New Report/Working Paper: “Troops, Trolls and Troublemakers: A Global Inventory of Organized Social Media Manipulation”
A new report published on Monday by the Computational Propaganda Research Project at the University of Oxford.
Troops, Trolls and Troublemakers: A Global Inventory of Organized Social Media Manipulation
University of Oxford
Philip N. Howard
University of Oxford
Cyber troops are government, military or political party teams committed to manipulating public opinion over social media. In this working paper, we report on specific organizations created, often with public money, to help define and manage what is in the best interest of the public. We compare such organizations across 28 countries, and inventory them according to the kinds of messages, valences and communication strategies used. We catalogue their organizational forms and evaluate their capacities in terms of budgets and staffing. This working paper summarizes the findings of the first comprehensive inventory of the major organizations behind social media manipulation.
We find that cyber troops are a pervasive and global phenomenon. Many different countries employ significant numbers of people and resources to manage and manipulate public opinion online, sometimes targeting domestic audiences and sometimes targeting foreign publics.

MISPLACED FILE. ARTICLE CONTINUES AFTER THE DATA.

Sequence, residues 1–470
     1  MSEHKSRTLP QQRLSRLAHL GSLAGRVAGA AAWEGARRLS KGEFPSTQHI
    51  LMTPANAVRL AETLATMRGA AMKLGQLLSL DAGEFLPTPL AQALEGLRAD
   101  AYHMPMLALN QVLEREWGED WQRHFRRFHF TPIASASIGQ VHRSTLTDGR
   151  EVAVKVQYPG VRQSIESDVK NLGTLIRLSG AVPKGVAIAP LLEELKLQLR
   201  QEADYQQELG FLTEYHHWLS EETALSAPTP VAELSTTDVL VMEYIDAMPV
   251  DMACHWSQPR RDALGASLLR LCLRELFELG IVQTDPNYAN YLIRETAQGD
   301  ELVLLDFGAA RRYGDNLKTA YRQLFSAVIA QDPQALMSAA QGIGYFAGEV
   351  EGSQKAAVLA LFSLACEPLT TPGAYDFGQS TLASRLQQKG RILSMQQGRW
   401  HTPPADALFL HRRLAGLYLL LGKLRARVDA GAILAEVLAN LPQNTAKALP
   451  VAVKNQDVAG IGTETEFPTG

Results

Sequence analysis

The earliest reports of organized social media manipulation emerged in 2010, and by 2017 there are details on such organizations in 28 countries.
Looking across the 28 countries, every authoritarian regime has social media campaigns targeting their own populations, while only a few of them target foreign publics. In contrast, almost every democracy in this sample has organized social media campaigns that target foreign publics, while political-party-supported campaigns target domestic voters.
Authoritarian regimes are not the only or even the best at organized social media manipulation. The earliest reports of government involvement in nudging public opinion involve democracies, and new innovations in political communication technologies often come from political parties and arise during high-profile elections.
Over time, the primary mode for organizing cyber troops has gone from involving military units that experiment with manipulating public opinion over social media networks to strategic communication firms that take contracts from governments for social media campaigns.
Direct to Full Text Article (37 pages; PDF)
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Gary Price (firstname.lastname@example.org) is a librarian, writer, consultant, and frequent conference speaker based in the Washington D.C. metro area. He earned his MLIS degree from Wayne State University in Detroit. Price has won several awards including the SLA Innovations in Technology Award and Alumnus of the Year from the Wayne St. University Library and Information Science Program. From 2006-2009 he was Director of Online Information Services at Ask.com.